What is Solo Diving?
Solo Diving is a style of Scuba Diving where you are completely self reliant, you do not have or wish to have a dive buddy.
Solo Divers are trained differently, they need to carry extra gear, they not only have a “Plan A” but also a “Plan B” for when things go wrong.
The three fundamentals of Solo Diving:
- The right mindset, “thinking like a diver” is not enough now you have to “think like a Solo Diver”.
- The right Dive Plan, along with a Plan B for when things go wrong.
- The right equipment, more safety equipment is needed and of course a completely independent backup air supply.
Training for Solo Diving:
Both Padi and SDI offer a Self Reliant or Solo Diver Course. Entry requirements are high:
- Minimum age 21yrs (SDI), 18 yrs (Padi).
- Minimum of AOW qualified.
- Minimum of 100 Logged Dives.
100 logged dives is a lot of experience, bear in mind that you can qualify as a Padi Divemaster with 60 dives and a Padi Instructor with 100 dives.
Gear for Solo Diving:
This is all gear you personally own, you wear it in the same configuration for every dive, you are 100% conversant with this gear.
- A second independent air supply – usually a Pony Bottle (No “Spare-Airs” allowed here).
Obviously twins (doubles) or sidemount with 2 tanks is also ideal.
- A spare mask.
- An SMB or two.
- A reel (and a spare).
- Two cutting devices, placed so you can use either hand.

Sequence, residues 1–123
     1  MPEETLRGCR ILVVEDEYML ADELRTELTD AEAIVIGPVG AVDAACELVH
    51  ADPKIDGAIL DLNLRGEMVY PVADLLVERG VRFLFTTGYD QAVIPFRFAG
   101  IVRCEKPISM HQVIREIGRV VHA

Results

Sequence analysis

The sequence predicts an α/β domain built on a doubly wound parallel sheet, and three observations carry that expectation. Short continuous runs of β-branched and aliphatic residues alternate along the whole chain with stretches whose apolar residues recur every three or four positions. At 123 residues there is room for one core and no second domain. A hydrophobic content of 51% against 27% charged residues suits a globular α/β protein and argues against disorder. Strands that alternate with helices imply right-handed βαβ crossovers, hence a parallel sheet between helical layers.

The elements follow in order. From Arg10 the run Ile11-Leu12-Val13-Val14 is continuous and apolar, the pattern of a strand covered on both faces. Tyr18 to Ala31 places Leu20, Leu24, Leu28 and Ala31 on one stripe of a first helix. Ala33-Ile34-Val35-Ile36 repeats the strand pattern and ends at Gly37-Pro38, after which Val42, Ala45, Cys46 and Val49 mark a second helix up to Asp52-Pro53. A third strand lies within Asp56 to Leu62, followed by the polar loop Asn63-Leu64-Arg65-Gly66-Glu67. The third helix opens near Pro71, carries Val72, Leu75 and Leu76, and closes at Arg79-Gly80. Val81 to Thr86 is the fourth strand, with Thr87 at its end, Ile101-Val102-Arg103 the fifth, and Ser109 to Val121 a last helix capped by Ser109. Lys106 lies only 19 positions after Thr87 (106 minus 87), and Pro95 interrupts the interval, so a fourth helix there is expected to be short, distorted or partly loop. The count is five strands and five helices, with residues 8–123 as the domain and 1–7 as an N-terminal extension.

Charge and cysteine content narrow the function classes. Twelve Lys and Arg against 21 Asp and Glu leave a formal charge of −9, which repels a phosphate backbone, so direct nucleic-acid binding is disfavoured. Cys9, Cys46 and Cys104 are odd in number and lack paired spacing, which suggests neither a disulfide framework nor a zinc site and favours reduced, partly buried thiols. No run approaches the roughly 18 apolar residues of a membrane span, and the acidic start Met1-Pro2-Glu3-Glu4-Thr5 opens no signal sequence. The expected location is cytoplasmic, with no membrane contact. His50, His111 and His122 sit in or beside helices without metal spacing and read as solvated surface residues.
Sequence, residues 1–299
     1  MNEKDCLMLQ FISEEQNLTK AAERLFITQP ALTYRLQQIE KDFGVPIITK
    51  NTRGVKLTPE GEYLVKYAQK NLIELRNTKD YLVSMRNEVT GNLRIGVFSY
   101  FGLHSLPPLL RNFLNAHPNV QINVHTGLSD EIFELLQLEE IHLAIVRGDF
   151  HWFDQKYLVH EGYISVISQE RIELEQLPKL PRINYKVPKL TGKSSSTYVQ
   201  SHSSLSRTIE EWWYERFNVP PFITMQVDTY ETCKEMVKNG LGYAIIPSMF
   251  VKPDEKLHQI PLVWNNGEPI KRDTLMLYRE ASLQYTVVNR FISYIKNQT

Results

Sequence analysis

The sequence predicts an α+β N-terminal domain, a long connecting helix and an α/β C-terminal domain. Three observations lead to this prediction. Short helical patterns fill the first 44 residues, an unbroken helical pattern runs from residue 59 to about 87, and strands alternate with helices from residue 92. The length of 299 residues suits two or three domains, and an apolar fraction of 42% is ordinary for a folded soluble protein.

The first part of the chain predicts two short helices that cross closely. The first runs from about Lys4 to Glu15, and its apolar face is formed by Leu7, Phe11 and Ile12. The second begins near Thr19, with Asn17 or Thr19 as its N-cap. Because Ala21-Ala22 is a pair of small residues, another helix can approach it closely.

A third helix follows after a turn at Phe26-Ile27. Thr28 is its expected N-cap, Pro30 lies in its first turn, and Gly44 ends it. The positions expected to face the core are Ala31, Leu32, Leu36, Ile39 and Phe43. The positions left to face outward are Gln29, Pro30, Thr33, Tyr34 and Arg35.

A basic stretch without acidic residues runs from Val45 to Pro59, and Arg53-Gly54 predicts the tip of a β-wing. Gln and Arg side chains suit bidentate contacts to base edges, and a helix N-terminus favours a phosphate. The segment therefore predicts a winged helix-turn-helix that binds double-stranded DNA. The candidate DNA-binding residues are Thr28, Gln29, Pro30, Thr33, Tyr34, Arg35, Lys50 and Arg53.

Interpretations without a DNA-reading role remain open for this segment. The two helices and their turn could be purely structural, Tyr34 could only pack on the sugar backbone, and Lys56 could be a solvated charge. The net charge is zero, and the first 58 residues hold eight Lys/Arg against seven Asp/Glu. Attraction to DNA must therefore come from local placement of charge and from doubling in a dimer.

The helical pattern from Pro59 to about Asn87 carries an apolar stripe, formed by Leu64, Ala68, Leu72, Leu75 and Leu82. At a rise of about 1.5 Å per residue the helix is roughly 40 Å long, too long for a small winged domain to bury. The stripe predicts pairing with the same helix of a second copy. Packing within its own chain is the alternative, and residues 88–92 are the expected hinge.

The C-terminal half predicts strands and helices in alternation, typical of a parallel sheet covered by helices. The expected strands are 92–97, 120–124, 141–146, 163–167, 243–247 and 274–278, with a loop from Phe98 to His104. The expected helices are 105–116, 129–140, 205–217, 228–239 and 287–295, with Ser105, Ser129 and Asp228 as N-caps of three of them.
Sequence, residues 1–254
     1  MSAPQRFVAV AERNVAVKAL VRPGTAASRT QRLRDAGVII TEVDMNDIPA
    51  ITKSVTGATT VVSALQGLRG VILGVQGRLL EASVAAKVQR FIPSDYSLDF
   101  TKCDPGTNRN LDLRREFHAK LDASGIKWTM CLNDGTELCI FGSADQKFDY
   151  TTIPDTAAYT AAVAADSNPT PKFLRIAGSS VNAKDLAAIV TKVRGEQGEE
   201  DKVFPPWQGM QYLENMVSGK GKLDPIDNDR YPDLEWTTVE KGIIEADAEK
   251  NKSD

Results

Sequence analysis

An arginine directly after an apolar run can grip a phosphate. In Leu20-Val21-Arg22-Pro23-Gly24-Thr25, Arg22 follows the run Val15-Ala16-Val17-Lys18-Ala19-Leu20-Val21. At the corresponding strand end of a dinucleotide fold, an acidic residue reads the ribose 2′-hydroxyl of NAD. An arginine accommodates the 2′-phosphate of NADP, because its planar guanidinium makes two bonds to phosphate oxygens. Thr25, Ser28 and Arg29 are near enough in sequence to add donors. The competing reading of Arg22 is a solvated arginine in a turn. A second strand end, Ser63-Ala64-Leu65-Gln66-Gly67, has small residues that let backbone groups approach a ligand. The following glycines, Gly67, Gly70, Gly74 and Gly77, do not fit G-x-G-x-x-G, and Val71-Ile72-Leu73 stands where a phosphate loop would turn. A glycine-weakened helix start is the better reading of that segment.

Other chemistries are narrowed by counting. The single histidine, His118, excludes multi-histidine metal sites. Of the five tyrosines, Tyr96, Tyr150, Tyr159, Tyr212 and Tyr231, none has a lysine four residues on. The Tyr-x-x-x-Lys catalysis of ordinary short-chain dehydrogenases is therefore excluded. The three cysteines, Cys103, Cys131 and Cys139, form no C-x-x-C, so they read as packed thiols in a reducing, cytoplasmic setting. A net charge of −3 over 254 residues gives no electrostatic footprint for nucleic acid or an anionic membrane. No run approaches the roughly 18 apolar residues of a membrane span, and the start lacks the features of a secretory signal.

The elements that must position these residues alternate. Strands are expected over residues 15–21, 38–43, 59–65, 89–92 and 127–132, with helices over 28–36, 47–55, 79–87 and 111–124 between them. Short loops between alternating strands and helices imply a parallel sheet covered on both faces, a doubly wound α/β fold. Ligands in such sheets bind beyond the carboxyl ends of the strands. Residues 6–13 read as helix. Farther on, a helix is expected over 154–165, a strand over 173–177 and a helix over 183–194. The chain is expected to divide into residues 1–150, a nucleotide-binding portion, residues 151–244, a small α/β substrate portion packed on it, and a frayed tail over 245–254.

- A backup computer or a separate backup timing device and depth gauge.
- Surface safety equipment, whistle, mirror, signalling devices etc.
Depending on gear configuration you may need other pieces of equipment particular to you.
I personally always dive sidemount when diving Solo, I carry spare double enders and spare bungee cord, I learnt that one the hard way when one of my tank tails snapped!
What’s it like to Solo Dive?
I find true Solo Diving more relaxing than diving with a Buddy. I have no obligation to look after anyone else, I have nobody to contradict me when I say “the Lobster was THIS BIG.”
I find it ideal for when I am doing a serious photography dive (any dive buddy out there that wants to volunteer to stay with me in one spot for 15 minutes while I photograph a Yellow Frogfish, I am not joking).
BUT I do prepare for the worst, I understand that there is nobody there to cut me loose if I get tangled up. I understand that I could lose a tank or regulator due to a gear failure, I understand that my mask could break, I expect and prepare for when everything goes wrong, it is my responsibility and my risk.
The Self Reliant Diver Course.
The standards for this course are very high, I not only expect complete mastery of all basic dive skills, I expect you to own and use every piece of required gear (I will loan you a Pony Bottle and Regs-that’s it). Above all you need to demonstrate appreciation of the risks involved and that all important “mindset”.
Facts about Solo Diving:
- Losing a buddy in recreational diving IS NOT Solo Diving. “Lost Buddy” on a dive is a failure by both you and your buddy, a complete breakdown of safe diving protocols.
- Solo diving is not inherently more dangerous than Buddy Diving. The risks may be greater but those same risks are appreciated, planned for and controlled by a properly trained Solo Diver.
- A good Solo Diver is inherently a very competent diver and makes an excellent dive buddy.
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